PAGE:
That word sums up President Trump’s realization that maybe the Trans-Pacific Partnership wasn’t such a bad deal, after all. As a candidate, Trump declared the TPP a “disaster,” and he withdrew the United States from the 12-nation pact during his first week in the White House. But now, Trump has directed his advisers to explore whether there’s a way back in.
The change of heart likely comes as Trump realizes he needs leverage in his trade spat with China—which is exactly what the TPP is supposed to accomplish. The trade deal was intended to develop an Asian trading bloc that could serve as a counterweight to China, as its economic might grows. The pact includes US allies such as Japan, Australia, Canada and Mexico—but not China. It went into effect without the United States this year.
Trump says he’s only interested in rejoining the pact if the United States gets better terms. The other member nations might say, “nah, we’re good.” Nonetheless, Trump’s move toward moderation on trade earns him a grade of “bigly” on our new, weekly Trump-o-meter, which is the equivalent of a B.
The other big news in Trumponomics this week is that Trump didn’t do anything to further rattle financial markets. Instead, markets cheered when Chinese president Xi Jinping said in a big-deal speech on April 10 that China would grant some of the trade concessions Trump has been demanding. Xi didn’t say it like that, exactly. He didn’t refer directly to trade disputes with Washington, or to Trump’s demands. But he did say China would ease restrictions on foreign investments in its auto industry—now the largest in the world—by the end of the year. That was new. He also dissed the “Cold War mentality” some policymakers—i.e., Trump—seem to have, while promising other, less specific reforms.
[See the grade Trump earns in our Trumponomics Report Card.]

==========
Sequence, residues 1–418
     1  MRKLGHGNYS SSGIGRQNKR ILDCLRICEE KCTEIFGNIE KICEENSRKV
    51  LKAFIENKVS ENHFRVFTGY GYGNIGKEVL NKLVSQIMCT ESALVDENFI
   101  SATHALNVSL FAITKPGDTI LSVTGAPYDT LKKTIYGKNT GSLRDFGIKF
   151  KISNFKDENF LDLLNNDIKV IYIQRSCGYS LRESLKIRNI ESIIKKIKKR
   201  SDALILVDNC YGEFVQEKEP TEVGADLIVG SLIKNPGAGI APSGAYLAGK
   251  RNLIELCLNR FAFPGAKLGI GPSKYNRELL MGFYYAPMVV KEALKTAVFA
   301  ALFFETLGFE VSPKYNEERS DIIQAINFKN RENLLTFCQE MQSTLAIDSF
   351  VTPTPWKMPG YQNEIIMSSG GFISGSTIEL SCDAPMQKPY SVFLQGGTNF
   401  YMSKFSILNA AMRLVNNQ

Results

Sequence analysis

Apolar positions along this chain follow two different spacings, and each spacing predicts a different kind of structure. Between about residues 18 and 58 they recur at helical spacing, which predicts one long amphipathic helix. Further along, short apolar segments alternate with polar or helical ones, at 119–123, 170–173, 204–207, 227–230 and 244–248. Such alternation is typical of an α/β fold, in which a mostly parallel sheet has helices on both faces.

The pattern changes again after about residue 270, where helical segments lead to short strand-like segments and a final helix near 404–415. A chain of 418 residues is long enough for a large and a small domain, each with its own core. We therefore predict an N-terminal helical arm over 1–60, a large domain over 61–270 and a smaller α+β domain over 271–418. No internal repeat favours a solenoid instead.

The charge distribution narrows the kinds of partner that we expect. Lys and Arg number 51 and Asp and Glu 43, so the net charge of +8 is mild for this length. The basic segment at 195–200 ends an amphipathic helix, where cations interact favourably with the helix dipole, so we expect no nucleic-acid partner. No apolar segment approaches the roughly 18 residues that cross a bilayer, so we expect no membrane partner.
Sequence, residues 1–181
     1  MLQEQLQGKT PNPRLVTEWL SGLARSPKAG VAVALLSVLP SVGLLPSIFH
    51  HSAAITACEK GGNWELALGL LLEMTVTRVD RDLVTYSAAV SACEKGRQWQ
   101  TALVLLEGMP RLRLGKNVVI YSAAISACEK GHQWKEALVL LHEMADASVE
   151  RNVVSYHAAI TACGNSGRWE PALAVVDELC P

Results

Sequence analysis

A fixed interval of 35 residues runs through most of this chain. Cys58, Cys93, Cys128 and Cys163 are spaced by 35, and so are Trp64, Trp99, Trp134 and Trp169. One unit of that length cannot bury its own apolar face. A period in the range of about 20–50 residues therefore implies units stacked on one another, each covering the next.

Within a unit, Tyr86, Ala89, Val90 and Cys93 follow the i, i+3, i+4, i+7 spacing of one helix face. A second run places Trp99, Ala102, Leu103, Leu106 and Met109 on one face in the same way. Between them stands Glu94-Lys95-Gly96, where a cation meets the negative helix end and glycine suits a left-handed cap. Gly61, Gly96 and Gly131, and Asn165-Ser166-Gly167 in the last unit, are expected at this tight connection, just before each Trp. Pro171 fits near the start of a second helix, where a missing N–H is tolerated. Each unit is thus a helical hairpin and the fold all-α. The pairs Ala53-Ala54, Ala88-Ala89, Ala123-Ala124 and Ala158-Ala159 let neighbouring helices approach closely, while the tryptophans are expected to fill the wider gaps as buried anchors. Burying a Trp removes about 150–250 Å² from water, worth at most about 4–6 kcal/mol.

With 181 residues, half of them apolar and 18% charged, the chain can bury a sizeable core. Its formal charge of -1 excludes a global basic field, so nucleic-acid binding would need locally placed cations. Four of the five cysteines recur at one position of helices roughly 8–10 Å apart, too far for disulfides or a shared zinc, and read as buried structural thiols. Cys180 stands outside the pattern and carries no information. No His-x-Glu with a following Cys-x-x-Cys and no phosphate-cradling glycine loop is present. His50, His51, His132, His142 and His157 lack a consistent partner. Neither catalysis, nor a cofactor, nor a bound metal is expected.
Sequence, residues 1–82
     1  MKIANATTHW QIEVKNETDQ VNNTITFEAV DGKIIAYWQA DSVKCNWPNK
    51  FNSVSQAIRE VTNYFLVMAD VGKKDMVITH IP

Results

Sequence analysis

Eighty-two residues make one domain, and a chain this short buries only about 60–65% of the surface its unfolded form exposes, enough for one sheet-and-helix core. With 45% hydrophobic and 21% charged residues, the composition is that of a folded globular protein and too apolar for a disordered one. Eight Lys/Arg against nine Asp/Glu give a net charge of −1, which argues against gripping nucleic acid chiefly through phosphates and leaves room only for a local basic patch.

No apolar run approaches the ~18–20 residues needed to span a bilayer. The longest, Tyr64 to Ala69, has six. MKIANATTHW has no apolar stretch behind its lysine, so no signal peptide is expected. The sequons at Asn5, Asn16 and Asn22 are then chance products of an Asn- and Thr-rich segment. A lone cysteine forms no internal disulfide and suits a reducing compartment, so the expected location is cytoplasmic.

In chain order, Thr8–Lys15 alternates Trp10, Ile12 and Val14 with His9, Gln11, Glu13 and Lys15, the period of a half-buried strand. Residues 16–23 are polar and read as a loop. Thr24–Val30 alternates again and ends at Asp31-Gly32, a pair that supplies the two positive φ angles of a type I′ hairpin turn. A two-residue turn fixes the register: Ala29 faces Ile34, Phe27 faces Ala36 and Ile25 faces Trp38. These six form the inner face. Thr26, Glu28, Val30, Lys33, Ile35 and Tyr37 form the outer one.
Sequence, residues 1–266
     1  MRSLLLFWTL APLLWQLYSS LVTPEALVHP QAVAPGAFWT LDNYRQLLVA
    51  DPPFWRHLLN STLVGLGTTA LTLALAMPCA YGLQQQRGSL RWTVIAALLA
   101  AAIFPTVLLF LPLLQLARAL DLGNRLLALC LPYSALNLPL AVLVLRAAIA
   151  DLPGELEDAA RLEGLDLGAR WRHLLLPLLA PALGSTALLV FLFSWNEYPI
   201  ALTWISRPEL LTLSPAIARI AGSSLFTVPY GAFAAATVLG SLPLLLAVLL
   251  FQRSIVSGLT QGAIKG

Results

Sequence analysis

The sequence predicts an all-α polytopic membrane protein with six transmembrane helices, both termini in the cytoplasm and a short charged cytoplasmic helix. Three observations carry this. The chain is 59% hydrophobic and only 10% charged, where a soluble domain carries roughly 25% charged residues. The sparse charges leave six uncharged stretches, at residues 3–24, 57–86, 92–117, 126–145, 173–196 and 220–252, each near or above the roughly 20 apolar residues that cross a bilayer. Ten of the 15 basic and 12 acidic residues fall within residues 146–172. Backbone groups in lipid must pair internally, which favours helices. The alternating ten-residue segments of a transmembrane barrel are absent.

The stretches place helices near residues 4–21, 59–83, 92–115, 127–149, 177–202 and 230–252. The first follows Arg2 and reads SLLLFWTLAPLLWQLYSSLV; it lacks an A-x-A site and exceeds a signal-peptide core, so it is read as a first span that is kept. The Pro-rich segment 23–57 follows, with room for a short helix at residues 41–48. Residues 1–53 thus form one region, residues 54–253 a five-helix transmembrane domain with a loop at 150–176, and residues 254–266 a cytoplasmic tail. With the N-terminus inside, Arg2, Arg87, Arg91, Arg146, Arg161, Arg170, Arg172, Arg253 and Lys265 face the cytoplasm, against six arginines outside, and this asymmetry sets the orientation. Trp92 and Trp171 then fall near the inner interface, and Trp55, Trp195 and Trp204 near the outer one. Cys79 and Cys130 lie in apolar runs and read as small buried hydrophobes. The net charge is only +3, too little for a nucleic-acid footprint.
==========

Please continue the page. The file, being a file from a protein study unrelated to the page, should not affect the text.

Also important is what he did not say. Xi could have matched Trump’s threat to impose new tariffs on $100 billion worth of imports, escalating the trade spat further. But he didn’t. That has allowed Trump to have the last word, for now. Here’s a quick scorecard of what each side has done:
Round 1: Trump has imposed tariffs on about $3 billion worth of steel and aluminum imports from China. In response, China has imposed tariffs on about the same amount of US exports to China. Winner: Nobody
Round 2: Trump has begun the process of imposing tariffs on an additional $50 worth of imports from China. It could be months before those tariffs go into effect, and Trump could rescind them. China has responded by identifying $50 billion worth of US imports it would place similar tariffs on. Winner: Nobody
Round 3: Trump has threatened to put tariffs on yet another $100 billion worth of Chinese imports—but he hasn’t done anything official yet. And China has not responded in kind, though it could if Trump follows through. Winner: Trump, potentially. By breaking the tit-for-tat pattern, China may be signaling it’s willing to deal – but only if Trump is willing to accept small concessions and declare victory.
Xi’s reassuring speech reversed a stock selloff from the prior day, with the Xi Jinping Rally lifting the S&P 500 a nifty 1.7% the day he spoke. With a temporary respite from Trump’s trade threats, markets continued to drift upward as the first-quarter earnings season got underway, with generally upbeat results. Markets may wobble if there’s a US military strike in Syria, as Trump has threatened. But a missile strike last year barely fazed markets, and Wall Street only seems to care about strife in the Middle East if it affects oil prices. Most eyes will quickly return to Trump’s Twitter feed.
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Rick Newman is the author of four books, including Rebounders: How Winners Pivot from Setback to Success. Follow him on Twitter: @rickjnewman